In this work we assume that the flow can be treated as a single fluid. This requires that the ablated clump material merges with the global flow in the sense that its temperature, velocity, and density approach those of the surrounding tenuous material. Ablation by itself might require that the clump material mix microscopically with the wind to reach the density and temperature of the wind. However, though the mass-loss rate may be controlled by ablation, thermal conductivity will almost certainly be responsible for material, once it is stripped from a clump, reaching the physical state of the tenuous fast flowing medium. Thermal conduction accomplishes this phase transition without microscopic mixing, and acceleration to the global flow speed is effected by the response of stripped material to pressure gradients and viscous coupling, which may arise from a host of mechanisms including turbulence. Thus we envisage a two-stage process in which ablation controls the rate at which mass is stripped from the clump but conductivity becomes important for the merging into the global flow.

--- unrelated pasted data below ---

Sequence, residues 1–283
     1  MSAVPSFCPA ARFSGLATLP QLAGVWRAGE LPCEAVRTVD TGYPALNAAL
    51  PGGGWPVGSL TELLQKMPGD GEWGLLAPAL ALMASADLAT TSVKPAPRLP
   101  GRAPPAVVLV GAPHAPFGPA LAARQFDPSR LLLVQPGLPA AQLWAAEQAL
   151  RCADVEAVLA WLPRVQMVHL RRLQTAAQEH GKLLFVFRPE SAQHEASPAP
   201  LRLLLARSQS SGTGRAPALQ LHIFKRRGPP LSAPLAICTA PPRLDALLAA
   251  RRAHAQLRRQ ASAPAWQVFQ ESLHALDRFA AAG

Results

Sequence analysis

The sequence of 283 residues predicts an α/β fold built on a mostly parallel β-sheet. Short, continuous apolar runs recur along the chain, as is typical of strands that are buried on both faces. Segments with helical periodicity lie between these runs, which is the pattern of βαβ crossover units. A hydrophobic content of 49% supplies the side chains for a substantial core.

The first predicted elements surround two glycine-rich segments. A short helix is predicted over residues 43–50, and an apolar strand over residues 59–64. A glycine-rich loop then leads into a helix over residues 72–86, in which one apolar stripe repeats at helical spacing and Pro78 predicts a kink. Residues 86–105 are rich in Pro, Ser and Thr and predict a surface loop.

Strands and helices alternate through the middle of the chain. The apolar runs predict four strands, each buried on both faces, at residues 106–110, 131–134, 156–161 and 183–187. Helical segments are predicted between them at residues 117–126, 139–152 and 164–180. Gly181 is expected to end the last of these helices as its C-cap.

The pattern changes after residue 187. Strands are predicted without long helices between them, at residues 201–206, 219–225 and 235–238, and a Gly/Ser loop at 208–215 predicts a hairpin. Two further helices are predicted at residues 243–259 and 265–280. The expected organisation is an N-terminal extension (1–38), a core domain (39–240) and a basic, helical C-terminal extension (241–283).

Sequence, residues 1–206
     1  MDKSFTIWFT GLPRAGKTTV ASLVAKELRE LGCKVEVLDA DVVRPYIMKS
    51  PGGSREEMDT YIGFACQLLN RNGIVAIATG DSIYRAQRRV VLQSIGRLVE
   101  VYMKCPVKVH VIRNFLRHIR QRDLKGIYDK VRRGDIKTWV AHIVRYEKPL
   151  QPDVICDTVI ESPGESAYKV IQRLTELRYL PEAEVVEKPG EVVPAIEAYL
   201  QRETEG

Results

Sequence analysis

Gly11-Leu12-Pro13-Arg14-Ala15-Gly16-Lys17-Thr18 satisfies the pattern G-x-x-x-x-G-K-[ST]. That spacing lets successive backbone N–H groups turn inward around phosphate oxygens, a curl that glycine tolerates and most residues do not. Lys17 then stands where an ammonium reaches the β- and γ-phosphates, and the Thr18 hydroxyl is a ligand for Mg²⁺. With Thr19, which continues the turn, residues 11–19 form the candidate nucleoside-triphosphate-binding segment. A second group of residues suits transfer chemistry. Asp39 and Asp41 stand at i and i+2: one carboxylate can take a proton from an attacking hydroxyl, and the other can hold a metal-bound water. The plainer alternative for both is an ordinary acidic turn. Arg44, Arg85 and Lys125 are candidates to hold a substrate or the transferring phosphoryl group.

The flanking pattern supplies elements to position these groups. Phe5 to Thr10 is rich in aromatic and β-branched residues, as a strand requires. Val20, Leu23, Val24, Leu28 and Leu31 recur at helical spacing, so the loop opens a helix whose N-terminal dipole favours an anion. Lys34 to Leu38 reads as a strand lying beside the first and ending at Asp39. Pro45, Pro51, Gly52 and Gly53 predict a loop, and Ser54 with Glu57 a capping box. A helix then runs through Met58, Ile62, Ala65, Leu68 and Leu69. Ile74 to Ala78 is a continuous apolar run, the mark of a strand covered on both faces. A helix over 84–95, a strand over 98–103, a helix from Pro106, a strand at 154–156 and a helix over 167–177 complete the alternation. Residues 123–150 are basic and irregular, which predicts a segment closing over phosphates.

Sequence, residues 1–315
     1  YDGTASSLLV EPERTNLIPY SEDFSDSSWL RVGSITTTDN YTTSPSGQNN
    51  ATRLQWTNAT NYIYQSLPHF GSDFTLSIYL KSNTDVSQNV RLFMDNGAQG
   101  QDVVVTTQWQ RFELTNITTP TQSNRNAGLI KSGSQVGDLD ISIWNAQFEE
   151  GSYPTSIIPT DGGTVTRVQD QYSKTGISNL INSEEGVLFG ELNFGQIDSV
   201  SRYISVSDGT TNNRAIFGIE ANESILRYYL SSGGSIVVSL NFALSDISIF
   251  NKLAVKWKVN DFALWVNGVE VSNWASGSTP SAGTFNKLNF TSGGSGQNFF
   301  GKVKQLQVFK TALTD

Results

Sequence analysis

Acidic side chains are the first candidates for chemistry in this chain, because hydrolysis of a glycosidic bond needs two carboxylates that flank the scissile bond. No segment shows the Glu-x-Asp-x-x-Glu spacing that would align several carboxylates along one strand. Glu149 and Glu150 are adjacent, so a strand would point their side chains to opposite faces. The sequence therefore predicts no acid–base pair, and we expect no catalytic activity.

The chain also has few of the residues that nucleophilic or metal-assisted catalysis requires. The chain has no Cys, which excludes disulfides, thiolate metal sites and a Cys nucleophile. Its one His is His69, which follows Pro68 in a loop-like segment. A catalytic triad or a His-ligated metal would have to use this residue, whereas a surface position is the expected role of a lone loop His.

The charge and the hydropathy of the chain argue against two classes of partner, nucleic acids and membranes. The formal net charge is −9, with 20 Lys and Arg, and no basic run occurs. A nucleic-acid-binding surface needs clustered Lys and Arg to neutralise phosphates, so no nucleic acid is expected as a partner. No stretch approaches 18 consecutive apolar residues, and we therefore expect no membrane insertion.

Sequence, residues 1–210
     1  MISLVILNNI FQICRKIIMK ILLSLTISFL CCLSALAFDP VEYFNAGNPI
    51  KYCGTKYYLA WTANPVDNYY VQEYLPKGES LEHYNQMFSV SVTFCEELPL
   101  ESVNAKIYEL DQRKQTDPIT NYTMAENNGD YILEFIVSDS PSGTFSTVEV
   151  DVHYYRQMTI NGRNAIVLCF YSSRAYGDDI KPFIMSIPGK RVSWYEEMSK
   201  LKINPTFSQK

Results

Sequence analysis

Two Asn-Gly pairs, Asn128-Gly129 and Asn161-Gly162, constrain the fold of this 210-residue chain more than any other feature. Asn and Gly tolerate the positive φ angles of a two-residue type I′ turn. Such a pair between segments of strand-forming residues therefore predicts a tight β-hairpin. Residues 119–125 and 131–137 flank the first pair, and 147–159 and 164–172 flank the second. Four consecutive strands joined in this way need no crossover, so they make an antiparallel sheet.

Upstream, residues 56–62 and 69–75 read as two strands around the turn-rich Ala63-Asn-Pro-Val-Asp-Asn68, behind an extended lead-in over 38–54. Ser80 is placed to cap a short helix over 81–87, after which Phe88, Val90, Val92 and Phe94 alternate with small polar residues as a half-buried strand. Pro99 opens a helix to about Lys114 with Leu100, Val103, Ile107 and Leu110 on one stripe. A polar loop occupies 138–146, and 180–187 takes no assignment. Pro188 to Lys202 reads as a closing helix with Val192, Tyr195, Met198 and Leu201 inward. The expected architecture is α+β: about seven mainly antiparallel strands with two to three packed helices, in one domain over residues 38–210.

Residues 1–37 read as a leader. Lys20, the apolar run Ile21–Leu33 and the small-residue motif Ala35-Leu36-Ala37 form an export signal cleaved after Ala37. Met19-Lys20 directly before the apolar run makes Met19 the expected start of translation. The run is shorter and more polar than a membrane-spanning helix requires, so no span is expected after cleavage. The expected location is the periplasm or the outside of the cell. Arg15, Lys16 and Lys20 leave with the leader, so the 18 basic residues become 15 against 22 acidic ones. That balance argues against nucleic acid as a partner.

This receives support from the comparison of the conductively driven evaporation time of a spherical clump with and T=10^{4} K, embedded in a medium with the same pressure (which is typical of planetary nebulae, Wolf-Rayet wind-blown bubbles, and starburst superwinds) and T=10^{7} K (which is also typical of hot material in such regions) to the sound crossing time in the clump. The sound crossing time is somewhat (but not hugely) smaller than the conductively driven evaporation time for a large range of clump sizes, if the Cowie & McKee (1977) estimate of the mass-loss rate driven by saturated conduction is used. Consequently, ablation initiates mass-loss because it causes an increase in the surface area of a clump triggering more conductive heat transfer. Use of the analysis of Cowie & McKee (1977) and McKee & Cowie (1977) shows that for the assumptions given above, radiative losses do not hinder conductively driven evaporation unless the clump radius is greater than pc where is the number density ( ) of the global tenuous flow. Of course, a clump that does not cool radiatively after it is compressed by a shock will have a shorter sound crossing time and be ablated more rapidly. However, by assuming a clump temperature of 10^{4} K above we have established that the two-stage process is likely to be relevant in many environments if a clump radiatively cools after being shocked.